Note that while time is a critical element here, combat flow is not about the total length of the fight. Whether your combat takes 30 seconds or 5 minutes, you generally want to make the flow equal the encounter length. Special circumstances can be exceptions, but as a rule of thumb you want to extend the combat flow to be equal to or close to the length of the encounter. You definitely don’t want the combat segments = # of opponents. Although you can measure the repetition cycle, that number alone isn’t necessarily useful. An example with two 30 second repetition cycle scenarios: If you make me kill five guys at 30 seconds each (2.5 minute encounter) and my approach to each is identical, then it’s actually going to feel more repetitive than a combat that pits me three guys at 10 seconds each in an encounter with only one segment.

When an MMORPG reduces the time it takes to defeat a single opponent, it becomes easier to see this problem in the combat system. Players won’t describe it this way, but it can be the cause for many symptoms related to the combat system. Most MMORPGs remove the key elements that contribute to combat flow. There are often technical reasons behind the removal. For the sake of argument, let’s assume  it’s impossible / unfeasible / a bad idea / whatever to make an MMORPG that has a combat system on par with an action game, just because it’s close to what most MMORPGs offer. If this is the case, it means the game systems need to compensate for the inherent loss of flow-strengthening elements.

Broken Flow

In MMOs where you fight multiple enemies, it’s common for the resource pool to be the main element that carries over from one enemy to the next. In contrast, nearly all action games use time and vulnerability as their restriction instead of a resource pool. All of your attacks are available, but they are locked in chains. Attacks have varying execution times. This is not as simple as an activation time. The following components are usually present:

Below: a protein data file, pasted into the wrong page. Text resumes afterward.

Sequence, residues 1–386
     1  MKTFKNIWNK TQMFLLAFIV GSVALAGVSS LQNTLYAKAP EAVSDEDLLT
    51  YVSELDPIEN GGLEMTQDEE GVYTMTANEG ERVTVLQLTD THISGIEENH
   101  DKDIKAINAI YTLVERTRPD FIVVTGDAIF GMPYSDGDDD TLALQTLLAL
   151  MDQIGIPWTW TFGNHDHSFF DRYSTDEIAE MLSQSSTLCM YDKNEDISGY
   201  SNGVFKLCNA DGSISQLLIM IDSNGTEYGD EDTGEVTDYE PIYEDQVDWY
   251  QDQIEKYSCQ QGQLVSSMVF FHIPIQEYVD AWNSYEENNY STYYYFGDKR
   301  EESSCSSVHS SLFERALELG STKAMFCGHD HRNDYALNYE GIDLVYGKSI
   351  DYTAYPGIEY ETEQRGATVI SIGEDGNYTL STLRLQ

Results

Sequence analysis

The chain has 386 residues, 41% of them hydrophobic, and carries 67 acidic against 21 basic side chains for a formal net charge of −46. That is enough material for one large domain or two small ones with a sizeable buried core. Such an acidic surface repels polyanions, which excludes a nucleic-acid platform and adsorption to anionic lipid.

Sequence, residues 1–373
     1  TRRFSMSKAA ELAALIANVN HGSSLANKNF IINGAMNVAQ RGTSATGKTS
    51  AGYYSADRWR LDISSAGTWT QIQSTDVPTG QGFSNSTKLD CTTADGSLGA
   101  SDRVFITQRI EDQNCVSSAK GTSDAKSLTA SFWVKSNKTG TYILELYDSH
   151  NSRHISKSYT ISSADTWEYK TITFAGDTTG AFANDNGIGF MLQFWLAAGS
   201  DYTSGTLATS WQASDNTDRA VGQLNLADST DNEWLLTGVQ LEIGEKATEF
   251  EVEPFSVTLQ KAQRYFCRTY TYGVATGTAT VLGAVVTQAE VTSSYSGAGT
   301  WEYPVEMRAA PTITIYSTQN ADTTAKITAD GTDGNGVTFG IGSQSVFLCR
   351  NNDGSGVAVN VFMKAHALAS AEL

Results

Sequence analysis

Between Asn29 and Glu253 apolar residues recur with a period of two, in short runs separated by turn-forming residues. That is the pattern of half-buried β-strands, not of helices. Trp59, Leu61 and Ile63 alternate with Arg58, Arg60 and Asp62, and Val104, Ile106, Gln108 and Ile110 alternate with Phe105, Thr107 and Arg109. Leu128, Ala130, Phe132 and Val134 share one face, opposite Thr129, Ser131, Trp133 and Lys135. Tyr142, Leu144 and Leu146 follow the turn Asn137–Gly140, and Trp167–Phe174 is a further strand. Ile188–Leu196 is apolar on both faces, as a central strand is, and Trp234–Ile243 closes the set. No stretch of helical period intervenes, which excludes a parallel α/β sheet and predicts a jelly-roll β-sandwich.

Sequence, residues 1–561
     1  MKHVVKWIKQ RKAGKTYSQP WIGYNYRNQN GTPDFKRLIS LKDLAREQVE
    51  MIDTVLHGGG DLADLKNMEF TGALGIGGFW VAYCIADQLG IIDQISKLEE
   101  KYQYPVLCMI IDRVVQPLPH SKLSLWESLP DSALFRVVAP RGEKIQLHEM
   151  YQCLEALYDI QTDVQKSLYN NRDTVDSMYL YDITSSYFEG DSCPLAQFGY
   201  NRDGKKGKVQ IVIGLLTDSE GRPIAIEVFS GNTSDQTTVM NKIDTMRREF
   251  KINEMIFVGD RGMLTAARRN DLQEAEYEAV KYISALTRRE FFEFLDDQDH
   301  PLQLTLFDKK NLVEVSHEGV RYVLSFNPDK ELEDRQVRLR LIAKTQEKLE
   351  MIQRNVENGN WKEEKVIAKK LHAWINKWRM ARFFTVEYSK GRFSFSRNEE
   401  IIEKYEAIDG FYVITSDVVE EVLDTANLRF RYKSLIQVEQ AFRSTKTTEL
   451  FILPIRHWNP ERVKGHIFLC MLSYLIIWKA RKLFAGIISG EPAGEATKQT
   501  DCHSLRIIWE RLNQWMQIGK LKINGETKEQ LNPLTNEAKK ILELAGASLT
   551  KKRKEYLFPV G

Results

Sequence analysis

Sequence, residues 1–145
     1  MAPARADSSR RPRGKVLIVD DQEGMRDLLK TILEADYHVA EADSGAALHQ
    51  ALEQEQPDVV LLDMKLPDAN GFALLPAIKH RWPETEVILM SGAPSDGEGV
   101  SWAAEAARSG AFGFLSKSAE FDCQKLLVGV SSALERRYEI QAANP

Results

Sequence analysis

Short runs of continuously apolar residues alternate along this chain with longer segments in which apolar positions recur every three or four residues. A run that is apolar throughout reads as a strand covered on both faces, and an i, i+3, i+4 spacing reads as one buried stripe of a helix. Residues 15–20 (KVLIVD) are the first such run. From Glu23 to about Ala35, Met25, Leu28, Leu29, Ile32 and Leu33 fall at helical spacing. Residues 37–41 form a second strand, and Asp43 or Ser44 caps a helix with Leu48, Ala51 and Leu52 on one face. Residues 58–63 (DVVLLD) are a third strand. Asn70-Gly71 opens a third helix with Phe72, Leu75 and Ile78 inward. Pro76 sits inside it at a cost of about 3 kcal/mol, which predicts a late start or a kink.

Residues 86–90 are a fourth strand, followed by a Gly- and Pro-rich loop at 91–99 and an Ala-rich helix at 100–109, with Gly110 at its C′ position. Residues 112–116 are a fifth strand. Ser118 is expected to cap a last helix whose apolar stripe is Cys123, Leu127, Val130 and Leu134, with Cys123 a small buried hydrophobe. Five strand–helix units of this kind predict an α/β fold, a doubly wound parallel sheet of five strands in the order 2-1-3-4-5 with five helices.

1. Pre-hit frames: The time between clicking the attack and damage.
  2. Hit frames: The time when the attack is hitting.
  3. Post-hit frames: Time after the attack when you can’t act.

Then, each attack has other considerations. Does it stutter the enemy? Can I get the most benefit out of my attack at this range? Will this leave me vulnerable with the current positioning of the enemies? Can I cancel this attack if I need to react to an unexpected threat? Attack use is calculated and mana pools tend to be for encounter-winning abilities. Additionally, the positioning tends to be a binary switch for whether powers can be used in an MMO, while it impacts the strategic options in action games.

Now let’s look at the MMO resource pool (usually mana). What does it accomplish? It’s primarily a disabler, not an enabler. With standard implementations, the resource pool simply prevents actions that you might want to take. In contrast, time and vulnerability based systems adjust how effective action are in each situation. You may always be able to use a big charge up attack, but chances are it’ll be one of your less frequently used abilities. With a resource pool, you can choose to either be effective now or effective later. There’s a consideration for efficiency over the course of an encounter, which contributes some flow. It’s not as strong as the flow that comes from time, vulnerability and position-based combat.

Note this doesn’t mean you can’t use resource pools, but it does mean that it will not provide the combat flow you want in the combat system. So, for the tally, MMORPGs lose flow in the following areas:

  1. Actions rarely vary in effectiveness in a non-formulaic way.
  2. Actions are resource-limited, not effectiveness-dependent.
  3. Actions cannot be changed once started.
  4. Actions are binary on/off due to position, as opposed to adjusting the effectiveness based on position.
  5. Actions rarely carry over from one opponent to the next.
  6. Actions rarely impact the enemy in a way that strategically alters my potential actions.

This post is full of gross over-generalizations and there are with exceptions, but I hope those don’t distract people from the point I’m trying to make. The traditional MMORPG’s combat flow suffers in numerous areas, and yet we expect people to use that combat system much longer than they would in other games. We need the flow in our games to be consistently close to the encounter duration so that we don’t have as many repetition cycles, especially in games with fast combat.